All Things Entertaining and Cultural

Quickie Capsules — Exit Strategy (PTC) and Twelfth Night (Annenberg)

Some of these shows will receive more detailed reviews. Others are about to close and rate mention, this early 2016 being an odd with several interesting failures in which an astute production helped to mask a weak play — Exit Strategy, for example — or smaller companies offered fresh looks at classic, such as Mauckingbird’s The Sisterhood” and Curio’s “Death of a Salesman.” Then, there’s that sweet spot where a decent play meets a perceptive production, as with Hedgerow’s “Or,” and Idiopathic Ridiculopathy Consortium’s “The Government Inspector.”


exit -- interiorEXIT STRATEGY, Philadelphia Theatre Company at the Suzanne Roberts Theatre through Sunday, February 28 — Loudness and passion may create intensity and provide meat for actors to gnaw on with gusto, but they cannot cover the convenient and simplistic ideas put forward by Ike Holter’s lively but empty play, or its naivety. Holter may touch nerves with the issue he addresses, current education and the closing or merging of schools, particularly in cash-strapped cities, but he does so with broad, splashy strokes that can play dramatically but reveal second-rate thinking. If that much. “Exit Strategy” asks you to put logic aside to accept Holter’s kneejerk view of a critical national situation. The playwright posits a solution, in the form of committed public action, to budgetary cuts that will cause not just the shutting but the demolition of a long-time Chicago high school that has tradition and is the last bulwark of intellectual refuge in its depressed, primarily black neighborhood. Holter’s premise is if the faculty, students, and residents of the affected area arise in protest, garner sympathetic publicity, and march on government centers, they can effectively fight City Hall and win. It’s a pretty premise, a hopeful premise. It represents a call of power to the people and an exercise in resistance as opposed to blind, sheeplike acceptance. As a concept, it has value dramatically, but it lacks literary maturity and comes shy of astute acquaintance with reality, although Holter at least has the intuition to take the save-the-school movement to its sad and likely conclusion. The playwright raises good issues and shows honest emotions along the way. The problem is all he plots and presents is unrelentingly superficial. Holter and his characters seem to believe their idea of how they’re going to use public opinion and outcry to reverse a municipal decision, most likely made without passion, is a sound one and will work. There’s the rub. The idea is stupid, a playwright’s fantasy that shows imagination about what might be done but little familiarity  with the way the world or the media, including social media, works. At every turn, even when you are admiring some strong acting or hoping for a semblance of substance that will really tackle the issues Holter raises, your mind defaults to “Oh, brother” and you realize Holter’s Stürm und Drang is all smoke and mirrors while his actual content, and the thought behind them, are piffle. It might be different if “Exit Strategy” showed signs of being a parody that, however gently, mocks the confidence of the do-gooder that is so sincere and optimistic, he or she doesn’t see the clear folly of his or her scheme. Assessment might be more charitable if Holter was writing about well-intentioned but naïve people riding for a fall they are too hopeful to acknowledge and inexperienced to comprehend. But Holter isn’t making fun and doesn’t indicate in any he’s depicting people diving in beyond their depths. ‘Exit Strategy” is not insightful, incisive, or even adept at bringing a contemporary community issue to light. “Exit Strategy” is all display. Kip Fagan’s direction is good. Its acting from Michael Cullen, Brandon Pierce, and Deirdre Madigan is top-notch, but the play is politics by the numbers, emotional outbursts, and verbal pyrotechnics. It seeks to be popular by being populist. Examined carefully, it’s Gertrude Stein’s Oakland. There’s no there there. Only sound and fury signifying less than nothing. Holter broaches a big issue, but he doesn’t have the talent to grapple with it head-on and expose its details completely or clearly. All he does is put the fact there is a controversy, and possibly a thoughtless plot that undermines education and community cohesion on the table. Or to the stage, as the case may be. Individual lines may have zing. Holter can craft a sentence, create explosive moments, construct dialogue, and build a comic tirade. Fagan keeps all moving energetically, so “Exit Strategy” never bores and, in fact, entertains on the basic level of mounting a watchable show. Acting is more than fine, but you wonder why some characters even exist. They tend to be sounding boards and reactors more than people who can contribute to a situation or the forward motion of “Exit Strategy.” Holter likes the big effect. His play starts with a bang, but even the first dramatic scene is filled with extra high dudgeon that concentrates more on exit strategy -- interior 2Mametesque pauses, sputters, and repetition, and big, surprising finish, than it does on substance. Both the textbook managerial delicacy a vice principal of a high school takes to tell a teacher the institution she taught at for almost 30 years is closing, and the teacher’s outsized  angry reaction are exaggerated, overwritten, and unconvincing as anything that could happen. Holter aims for flair and shock, and achieves  them but in exchange for something we can accept as honest and logical. He is self-consciously, perhaps ostentatiously, smug and mischievous as he pulls off a grand effect that is jolting but unbelievable. Plays don’t have to be real, but Holter’s purports to shed light on an intense issue. His overdone, overwrought comedy sketch may have worked if the rest of “Exit Strategy” had followed suit and been ironic, but it doesn’t. We are looking at effect for effect’s sake, the grand dramatic construction that is all noise and no matter. That first scene shows you the trickery and flamboyance Holter employs in lieu of substance. Only so much can be done in comedy’s name, and Holter goes too far. You like that his characters don’t want to accept a fait d’accompli (even when you don’t, or can’t,  buy that they will be out of jobs instead of moved to other schools, especially the teachers and administrators with tenure, or that the city laying some off will not, by labor law, provide compensation for those unlucky enough to be situationally unemployed). The far-fetched, shallowly conceived plan for how what the activists are  going to do, even if Holter later hints it was posited cynically by the vice principal that suggested it, keeps all from making sense. You know from the start it will never work, that it’s a like a Bernie Sanders idea, lovely to consider, delightful if achievable, but impractical and doomed to failure. It’s more rhetorical and theoretical than doable. Holter wants to get us riled up about the school’s closing, but except for the final moment of the play, and that thanks to the consistently remarkable Mr. Brandon Pierce, he only makes an emotional case. Activism, yeah!, instead of doing the hard work of coming up with an idea that might be plausible and that we can hope succeeds. Instead of depending on the likely liberalism of the audience to just see the Chicago officials as villains and never taking the time to present what might be their point of view, even to refute or counter it! Holter doesn’t even persuade that Chicago is wrong in abandoning the dilapidating, redundant high school. He centers more on a property’s existence for its own sake rather than delving into the current state of education or the destruction of community, in terms of infrastructure and pride, when an important institution is scheduled to be bulldozed. His play is kneejerk so he weites to the audience whose response will be kneejerk. Fagan’s production is good, and his actors, when given characters with dimension, as Aimé Donna Kelly and Christina Nieves are not, are entertaining to watch, especially Pierce and Michael Cullen as a crusty old-school union guy who is the one person who challenges the vice principal’s scheme. Pierce plays a student, a chronic disciplinary problem who is adept at social media and, for all his disdainfully rebellious ways, has some stake in his high school remaining where and as it is. As usual, Pierce is complete and convincing in drawing his multi-faceted character. He lets you see brains and heart a lesser actor might depend on Holter’s script to establish rather making them clear by his deep performance. Cullen comes from the same core of reality. He represents the status quo as much as Holter deigns to give it a voice. Fiercely union, and fiercely loyal to a colleague the new of the school’s closing affects in a disastrous, Cullen’s character is too wise to think a protest will be of use. He represents the old school and shows the old school might have more merit than the new and highly motivated. Deirdre Madigan certainly dominates the few scenes in which she appears. Her character is a device that, in the long run, makes no sense, but Madigan, a master at line delivery, makes her an entertaining whirlwind you’d like to have around more often. Ryan Spahn is an appropriate blend of Lewis’s Babbitt and Dickens’s Uriah Heep as the cagily, manipulative vice principal. Rey Lucas is engaging as a teacher who, unlike Kelly and Nieves’s character, has a real reason for being in “Exit Strategy.” As for Kelly and Nieves, these two generally capable do as well as they can with sketchily drawn roles. Kelly may try too hard to infuse her “I’m-not-taking-anyone’s-crap” teacher with a big personality. C-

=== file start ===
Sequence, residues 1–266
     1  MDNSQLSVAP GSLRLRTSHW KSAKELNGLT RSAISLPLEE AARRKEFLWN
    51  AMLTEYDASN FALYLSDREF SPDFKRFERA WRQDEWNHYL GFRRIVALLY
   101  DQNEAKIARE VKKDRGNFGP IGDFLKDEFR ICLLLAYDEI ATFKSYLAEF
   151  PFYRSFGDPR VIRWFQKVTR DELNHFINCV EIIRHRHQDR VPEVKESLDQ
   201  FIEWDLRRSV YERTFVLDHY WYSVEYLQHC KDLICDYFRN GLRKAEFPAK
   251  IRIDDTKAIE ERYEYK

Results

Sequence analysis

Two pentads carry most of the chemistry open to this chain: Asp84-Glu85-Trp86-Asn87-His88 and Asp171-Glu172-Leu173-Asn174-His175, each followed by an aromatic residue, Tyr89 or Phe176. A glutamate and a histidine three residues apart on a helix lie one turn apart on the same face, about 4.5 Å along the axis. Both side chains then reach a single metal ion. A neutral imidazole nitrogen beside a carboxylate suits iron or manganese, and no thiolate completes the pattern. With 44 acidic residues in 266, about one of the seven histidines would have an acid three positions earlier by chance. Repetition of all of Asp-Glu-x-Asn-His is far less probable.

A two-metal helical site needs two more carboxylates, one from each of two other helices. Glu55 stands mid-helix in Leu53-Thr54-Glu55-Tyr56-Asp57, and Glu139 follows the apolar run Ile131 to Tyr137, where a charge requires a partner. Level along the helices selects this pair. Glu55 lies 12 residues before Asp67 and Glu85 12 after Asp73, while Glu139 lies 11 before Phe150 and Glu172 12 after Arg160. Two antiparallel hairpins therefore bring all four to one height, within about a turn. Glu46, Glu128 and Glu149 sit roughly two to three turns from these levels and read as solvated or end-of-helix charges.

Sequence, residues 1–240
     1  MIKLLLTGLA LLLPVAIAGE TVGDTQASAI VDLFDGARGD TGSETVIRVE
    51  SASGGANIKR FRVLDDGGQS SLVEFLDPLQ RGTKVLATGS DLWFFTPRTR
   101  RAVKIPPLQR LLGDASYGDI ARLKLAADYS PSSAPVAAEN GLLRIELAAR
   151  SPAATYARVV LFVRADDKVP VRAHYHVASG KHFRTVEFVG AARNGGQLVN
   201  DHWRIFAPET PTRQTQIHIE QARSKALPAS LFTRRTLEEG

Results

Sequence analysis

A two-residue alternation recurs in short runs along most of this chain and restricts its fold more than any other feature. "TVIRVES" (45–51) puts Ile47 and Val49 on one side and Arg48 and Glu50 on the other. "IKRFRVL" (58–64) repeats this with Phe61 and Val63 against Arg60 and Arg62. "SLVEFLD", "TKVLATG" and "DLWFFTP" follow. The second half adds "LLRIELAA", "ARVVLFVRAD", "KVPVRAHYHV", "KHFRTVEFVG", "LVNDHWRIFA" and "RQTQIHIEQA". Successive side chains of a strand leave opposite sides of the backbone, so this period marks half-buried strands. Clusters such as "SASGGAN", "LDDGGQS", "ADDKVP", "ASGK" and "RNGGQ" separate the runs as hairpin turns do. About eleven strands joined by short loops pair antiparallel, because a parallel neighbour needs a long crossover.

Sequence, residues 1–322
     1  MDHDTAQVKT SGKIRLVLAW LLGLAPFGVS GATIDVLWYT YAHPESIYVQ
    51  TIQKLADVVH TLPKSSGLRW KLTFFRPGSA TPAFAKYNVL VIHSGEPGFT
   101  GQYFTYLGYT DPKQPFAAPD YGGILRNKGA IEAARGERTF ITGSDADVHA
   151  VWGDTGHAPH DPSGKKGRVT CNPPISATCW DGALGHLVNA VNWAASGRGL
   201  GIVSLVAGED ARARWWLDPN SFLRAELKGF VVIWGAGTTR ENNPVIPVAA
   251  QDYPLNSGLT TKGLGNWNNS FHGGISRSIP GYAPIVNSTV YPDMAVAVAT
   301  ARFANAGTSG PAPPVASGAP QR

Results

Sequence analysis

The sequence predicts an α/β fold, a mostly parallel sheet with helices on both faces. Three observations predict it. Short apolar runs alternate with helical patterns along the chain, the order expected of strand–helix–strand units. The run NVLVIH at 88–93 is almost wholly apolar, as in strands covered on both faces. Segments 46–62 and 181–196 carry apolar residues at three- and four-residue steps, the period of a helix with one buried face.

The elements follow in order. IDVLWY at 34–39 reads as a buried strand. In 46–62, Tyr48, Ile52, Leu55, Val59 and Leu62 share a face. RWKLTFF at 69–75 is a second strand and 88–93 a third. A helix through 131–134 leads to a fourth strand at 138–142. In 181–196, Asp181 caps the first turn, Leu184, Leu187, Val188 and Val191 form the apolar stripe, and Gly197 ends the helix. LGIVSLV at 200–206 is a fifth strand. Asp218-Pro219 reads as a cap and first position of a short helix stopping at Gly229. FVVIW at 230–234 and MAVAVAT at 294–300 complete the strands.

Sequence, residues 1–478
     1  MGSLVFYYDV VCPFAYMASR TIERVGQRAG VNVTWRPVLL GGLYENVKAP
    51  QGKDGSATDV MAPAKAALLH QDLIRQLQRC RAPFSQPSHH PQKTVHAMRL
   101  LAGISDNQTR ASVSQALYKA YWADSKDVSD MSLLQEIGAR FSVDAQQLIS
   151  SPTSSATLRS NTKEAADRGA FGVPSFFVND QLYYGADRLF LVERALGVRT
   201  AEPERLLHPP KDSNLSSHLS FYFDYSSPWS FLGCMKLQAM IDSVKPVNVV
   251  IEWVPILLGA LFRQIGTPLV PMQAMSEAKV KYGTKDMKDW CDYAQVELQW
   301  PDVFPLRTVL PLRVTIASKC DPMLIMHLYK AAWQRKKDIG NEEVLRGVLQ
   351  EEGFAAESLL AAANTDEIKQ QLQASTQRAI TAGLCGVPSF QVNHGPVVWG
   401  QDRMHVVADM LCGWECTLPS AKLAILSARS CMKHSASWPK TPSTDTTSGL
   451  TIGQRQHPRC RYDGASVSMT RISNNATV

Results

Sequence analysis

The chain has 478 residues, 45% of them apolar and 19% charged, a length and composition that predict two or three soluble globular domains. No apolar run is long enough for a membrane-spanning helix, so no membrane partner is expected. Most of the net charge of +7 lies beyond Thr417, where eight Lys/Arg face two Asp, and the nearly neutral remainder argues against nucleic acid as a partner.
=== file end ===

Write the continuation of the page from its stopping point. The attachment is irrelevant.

filter twelfthTWELFTH NIGHT, Filter Theatre and the Royal Shakespeare Company at the Harold Prince Theatre in The Annenberg Center through Sunday, February 14 — Creativity, even zany, exuberant creativity does not always yield great entertainment. The Filter Theatre, doing Shakespeare’s “Twelfth Night” has many good ideas, but only a handful are amusing. Some even backfire because you want fewer antics and more substance. Filter loves using the technical, but even when its players hit on something witty, such as taking a microphone and putting it next to a character’s forehead, allegedly to hear brain waves, and having Toby Belch’s blood slosh and Andrew Aguecheek’s emit no sound at all,. This is funny, but it is performed self-consciously, instead of being neatly integrated into the production. It’s a bit that interrupts and disrupts, so for all of its quality as a comic concept, it’s a theatrical dud. You want to acknowledge its surface cleverness and go past it. Quickly. A sequence in which Sir Toby, Sir Andrew, Maria, and others are singing late into evening, arousing the wrath of Olivia and the haughtiness of Malvolio, is just plain deadly. Any comic value disappears because the troupe carouses with the same four lines that include “present mirth hath present laughter” for at least five minutes. The bit becomes as boring as the Jellicle Ball number in “Cats” and is not structurally dissimilar. The shame is the Filter ensemble speaks lines with meaning and immediacy. Amy Marchant lets you see and hear the heart of Viola/Cesario at all instances, as she makes her male costume from a jacket and woolen hat borrowed from members of the audience (a bit that works once you realize Marchant is serious when she requests them). Sandy Foster is wonderful as Maria. She is one of the few who hold attention even when she clowns. Harry Jardine shows vocal dexterity as Orsino and can be quite funny when he lets Shakespeare’s lines and small gestures do the work as Aguecheek. Fergus O’Donnell’s Malvolio and Dan Poole’s Sir Toby are well-drawn but go too much into joking to work thoroughly. Ronke Adekoluejo seems content for some reason to play Olivia straight and blissfully refrains from antics. The forced merriment of this “Twelfth Night” mars it. Comedy is plotted for its goofiness and not its relation to Shakespeare and his text. For every idea that works, nineteen don’t. Editing can be praised. Filter does “Twelfth Night” in about 100 minutes. The essence of the story, and its themes, come through. A pity that such a portion of that 100 minutes was spent on the “present mirth” (because the pizza that becomes integral to the scene was delivered late and the cast had to vamp?), and that misses outnumbered hits among the gags. “Twelfth Night’s” text comes out fine. D+